Date
18 November 2019
King Fook sources products worldwide and invites VIPs to the shop to try them on. Photo: King Fook/Facebook
King Fook sources products worldwide and invites VIPs to the shop to try them on. Photo: King Fook/Facebook

Social unrest a wake-up call for local retailers

People from all walks of life are being affected by the ongoing unrest in Hong Kong. But King Fook Holdings (00280.HK) has managed to buck the trend.

Founded by the late Young Chi-wan in 1948, King Fook always positions itself as a top-end jewelry and watch retailer. Most of its products carry a six-digit price tag.

Currently, the firm has only six stores in Hong Kong.

King Fook posted annual sales revenue of HK$550 million in the fiscal year ended March 31, and each store posted a same-store sales growth of around 11 percent.

The retailer said its business was only slightly affected by the turmoil in the past three months. It also said it has no plans to shed staff. On the contrary, it would stick to its expansion plans, including opening one more store in Tsim Sha Tsui in November.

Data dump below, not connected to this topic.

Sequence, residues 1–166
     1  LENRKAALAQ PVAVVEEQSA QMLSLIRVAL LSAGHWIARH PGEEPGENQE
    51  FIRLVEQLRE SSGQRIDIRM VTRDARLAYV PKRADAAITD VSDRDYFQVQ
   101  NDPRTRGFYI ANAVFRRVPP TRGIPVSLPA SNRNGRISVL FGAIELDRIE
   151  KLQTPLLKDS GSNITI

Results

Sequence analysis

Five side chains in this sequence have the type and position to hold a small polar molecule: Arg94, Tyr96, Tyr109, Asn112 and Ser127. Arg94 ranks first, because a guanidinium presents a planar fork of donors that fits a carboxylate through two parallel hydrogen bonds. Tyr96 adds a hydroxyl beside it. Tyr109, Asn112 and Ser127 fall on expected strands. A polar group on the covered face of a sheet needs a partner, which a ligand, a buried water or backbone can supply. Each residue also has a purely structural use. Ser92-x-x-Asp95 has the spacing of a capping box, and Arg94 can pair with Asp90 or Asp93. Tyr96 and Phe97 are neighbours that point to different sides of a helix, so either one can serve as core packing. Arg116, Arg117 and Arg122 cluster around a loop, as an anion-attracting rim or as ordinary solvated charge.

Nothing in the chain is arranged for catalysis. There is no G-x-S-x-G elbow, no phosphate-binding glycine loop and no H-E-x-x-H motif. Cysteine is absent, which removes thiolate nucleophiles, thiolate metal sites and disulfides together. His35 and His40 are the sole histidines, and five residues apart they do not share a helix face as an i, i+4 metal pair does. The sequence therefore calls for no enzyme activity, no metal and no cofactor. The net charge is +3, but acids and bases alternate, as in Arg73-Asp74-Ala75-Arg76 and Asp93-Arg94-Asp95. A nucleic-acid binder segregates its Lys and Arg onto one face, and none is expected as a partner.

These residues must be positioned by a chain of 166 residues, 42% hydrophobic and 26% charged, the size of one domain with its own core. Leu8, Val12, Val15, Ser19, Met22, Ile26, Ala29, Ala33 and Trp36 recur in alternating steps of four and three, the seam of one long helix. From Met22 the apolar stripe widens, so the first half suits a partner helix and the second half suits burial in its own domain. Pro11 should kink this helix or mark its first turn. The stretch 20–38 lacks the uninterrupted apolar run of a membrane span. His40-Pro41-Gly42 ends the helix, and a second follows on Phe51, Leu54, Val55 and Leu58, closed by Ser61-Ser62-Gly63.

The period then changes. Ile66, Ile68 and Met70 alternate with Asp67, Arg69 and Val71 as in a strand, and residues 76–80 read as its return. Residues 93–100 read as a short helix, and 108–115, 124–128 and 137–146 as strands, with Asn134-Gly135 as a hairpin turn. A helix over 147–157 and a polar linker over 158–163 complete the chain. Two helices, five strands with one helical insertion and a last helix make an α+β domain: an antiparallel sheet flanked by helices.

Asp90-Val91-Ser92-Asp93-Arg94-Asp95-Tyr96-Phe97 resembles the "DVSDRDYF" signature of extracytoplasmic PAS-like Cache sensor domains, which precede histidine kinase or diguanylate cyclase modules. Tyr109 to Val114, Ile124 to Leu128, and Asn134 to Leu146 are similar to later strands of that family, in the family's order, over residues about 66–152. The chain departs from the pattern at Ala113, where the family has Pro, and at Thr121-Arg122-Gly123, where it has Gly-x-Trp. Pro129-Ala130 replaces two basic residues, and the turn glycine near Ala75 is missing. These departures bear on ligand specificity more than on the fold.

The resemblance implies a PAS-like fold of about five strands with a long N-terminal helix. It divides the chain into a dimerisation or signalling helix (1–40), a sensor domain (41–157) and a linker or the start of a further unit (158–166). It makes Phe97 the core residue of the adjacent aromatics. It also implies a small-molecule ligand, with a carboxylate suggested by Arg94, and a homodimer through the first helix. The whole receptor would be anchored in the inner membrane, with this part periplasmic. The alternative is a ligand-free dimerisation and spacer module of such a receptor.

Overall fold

King Fook targets high-end clients billionaires and high-net-worth professionals such as lawyers and doctors, who are barely affected by the economic impact of the unrest.

The jeweler tries to serve them well by understanding their preferences and sourcing the right products for them globally. It relies heavily on repeat customers, which is why it seeks to maintain a long-term relationship with its clients.

Lots of Hong Kong retailers have reaped huge profits since the launch of the Individual Visit Scheme in 2003. Business had been so good that they didn’t even bother to upgrade their services.

The current upheaval and the consequent plunge in visitor numbers should serve as a wake-up call for these retailers, reminding them that those days of easy money are gone.

In fact, even without the protests, China will gradually cut its import tariffs and there will be more duty-free shops across the country, eventually taking business away from Hong Kong.

King Fook’s approach may not fit all retailers. But in order to survive in the game, retailers must upgrade and customize their services. That’s the only way to win and retain customers.

This article appeared in the Hong Kong Economic Journal on Sept 9

Translation by Julie Zhu 

[Chinese version 中文版]

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RT/CG

Hong Kong Economic Journal columnist